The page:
Retail

What Are Teenagers Buying?

A lot of different things, according to some new research data, although overall teenage spending does appear to be down from the previous year.

Teenagers are spending money on fashion, beauty and personal care products, digital media, food, video games and entertainment, according to a study by Piper Jaffray.

Piper Jaffray has conducted a study of teenage shopping habits every spring since 2001, so it's surveyed more than 130,000 teens and collected more than 35 million data points about teenage spending habits over the past 15 years. This year’s study surveyed 6,500 U.S. teens across 46 U.S. states with an average age of 16.5 (broken down to 56 percent male, 44 percent female).

“While total spending among the teen demographic appears to be down versus last year, we are encouraged that overall teen employment appears to be on the rise; 39 percent of teens indicate they hold a part-time job, which is up 400 basis points over last year’s levels,” according to Neely Tamminga, a senior analyst at Piper Jaffray that worked on the study. “As they take more control over their discretionary spending, we believe it is critically important to watch for category shifts and brand preferences.”

Although overall teen spending is down compared to 2015, upper-income teens spent 38 percent of their “wallet” on fashion categories, such as clothing, accessories, footwear, etc. That’s a 2 percent uptick from a year ago, according to the study.

When it comes to female teens, fashionable athletic apparel is hot, amounting to 17 percent of spending total, while Nike is the most popular brand at 21 percent, followed by American Eagle (8 percent), Forever 21 (7 percent), Ralph Lauren (6 percent) and Hollister (4 percent).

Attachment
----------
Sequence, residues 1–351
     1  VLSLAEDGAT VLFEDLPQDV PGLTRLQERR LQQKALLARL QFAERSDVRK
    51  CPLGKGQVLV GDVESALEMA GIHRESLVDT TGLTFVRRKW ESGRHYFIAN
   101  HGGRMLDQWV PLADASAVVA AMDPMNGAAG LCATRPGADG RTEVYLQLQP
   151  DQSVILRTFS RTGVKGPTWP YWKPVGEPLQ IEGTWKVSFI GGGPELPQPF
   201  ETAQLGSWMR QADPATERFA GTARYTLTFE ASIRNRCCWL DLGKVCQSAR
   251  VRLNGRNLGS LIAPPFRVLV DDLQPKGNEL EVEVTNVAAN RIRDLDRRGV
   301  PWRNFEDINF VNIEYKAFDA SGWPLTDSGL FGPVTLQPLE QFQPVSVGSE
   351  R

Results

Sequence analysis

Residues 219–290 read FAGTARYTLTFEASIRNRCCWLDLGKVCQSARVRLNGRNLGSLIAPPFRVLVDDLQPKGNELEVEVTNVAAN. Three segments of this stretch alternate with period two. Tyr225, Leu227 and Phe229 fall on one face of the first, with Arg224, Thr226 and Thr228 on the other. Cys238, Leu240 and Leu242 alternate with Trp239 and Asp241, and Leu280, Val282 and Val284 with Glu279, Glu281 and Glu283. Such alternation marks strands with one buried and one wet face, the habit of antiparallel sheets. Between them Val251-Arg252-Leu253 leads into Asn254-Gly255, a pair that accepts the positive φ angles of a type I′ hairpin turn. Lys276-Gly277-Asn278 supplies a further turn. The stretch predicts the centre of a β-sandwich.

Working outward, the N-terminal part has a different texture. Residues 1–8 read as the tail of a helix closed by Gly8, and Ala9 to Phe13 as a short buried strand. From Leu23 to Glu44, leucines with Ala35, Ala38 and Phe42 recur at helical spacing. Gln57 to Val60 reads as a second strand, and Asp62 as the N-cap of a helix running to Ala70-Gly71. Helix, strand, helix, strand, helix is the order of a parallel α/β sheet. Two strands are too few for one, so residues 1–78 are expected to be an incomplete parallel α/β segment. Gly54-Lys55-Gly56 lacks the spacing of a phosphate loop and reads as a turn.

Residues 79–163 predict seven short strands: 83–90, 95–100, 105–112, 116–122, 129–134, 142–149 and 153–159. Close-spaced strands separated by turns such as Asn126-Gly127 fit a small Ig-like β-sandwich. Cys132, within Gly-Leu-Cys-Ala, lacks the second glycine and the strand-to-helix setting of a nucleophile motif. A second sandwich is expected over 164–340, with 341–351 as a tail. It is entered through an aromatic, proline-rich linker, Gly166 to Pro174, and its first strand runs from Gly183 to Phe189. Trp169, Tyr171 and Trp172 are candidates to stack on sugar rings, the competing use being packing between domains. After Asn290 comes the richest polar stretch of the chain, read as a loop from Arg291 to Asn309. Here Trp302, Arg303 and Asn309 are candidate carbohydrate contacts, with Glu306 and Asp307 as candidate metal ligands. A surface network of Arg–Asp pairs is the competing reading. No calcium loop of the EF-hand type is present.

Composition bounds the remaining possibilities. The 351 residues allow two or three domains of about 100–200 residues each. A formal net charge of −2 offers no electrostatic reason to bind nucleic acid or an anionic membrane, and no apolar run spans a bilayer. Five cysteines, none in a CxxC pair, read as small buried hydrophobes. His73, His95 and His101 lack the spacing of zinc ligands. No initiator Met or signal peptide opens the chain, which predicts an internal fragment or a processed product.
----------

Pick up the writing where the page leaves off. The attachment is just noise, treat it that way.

Among upper-income teenage females, beauty products amounted to 10 percent of overall spending, which is the highest percent the survey has seen in 10 years, according to Piper Jaffray.

And sales of denim jeans also rose to 14 percent of total spending among upper-income females, the first time it’s showed up as a top trend in spending since 2013.

Restaurant spending made up 22 percent of total overall spending for upper-income teens (defined as those having an average household income of $62,500 or more), but when teens do dine out, they are opting to go with limited-service restaurants, like Starbucks or Chipotle, rather than the full-service dining experience (and heftier price tag).

The average check for a teenage meal was $4–$17, and when teens do dine out, they are choosing Starbucks the most (14 percent), followed by Chipotle (9 percent), Chick-fil-A (7 percent) and then Panera or McDonald’s (tied at 4 percent).

Amazon Prime membership has also grown among teens (although probably paid for by their parents) in each of the past five surveys, and Piper Jaffray now estimates that 51 percent of teens surveyed are now a member (or their parents are).

When it came to teenage males, they are spending the most on food (20 percent), clothing (15 percent) and then video games (13 percent). The average teenage male is expected to spend $214 on video games in 2016.

When it comes to shopping websites, Amazon dominates teen spending habits with 41 percent of all online teenage sales occurring there, while Nike and Forever 21 tied for second at 5 percent apiece and eBay, American Eagle and Victoria’s Secret all tied for third at 3 percent each.

Teens are also watching much more Netflix and YouTube than traditional TV channels and shows. Teens spent 65 percent of their time watching Netflix and YouTube, compared to just 26 percent of their time watching “traditional TV.” Although Netflix is clearly dominating teen view habits at 38 percent.

And the most anticipated movie among teens this year was Pixar’s "Finding Dory" (the sequel to "Finding Nemo"), followed by Marvel’s "Captain America: Civil War" and Warner Bros.’s "Batman v Superman: Dawn of Justice."

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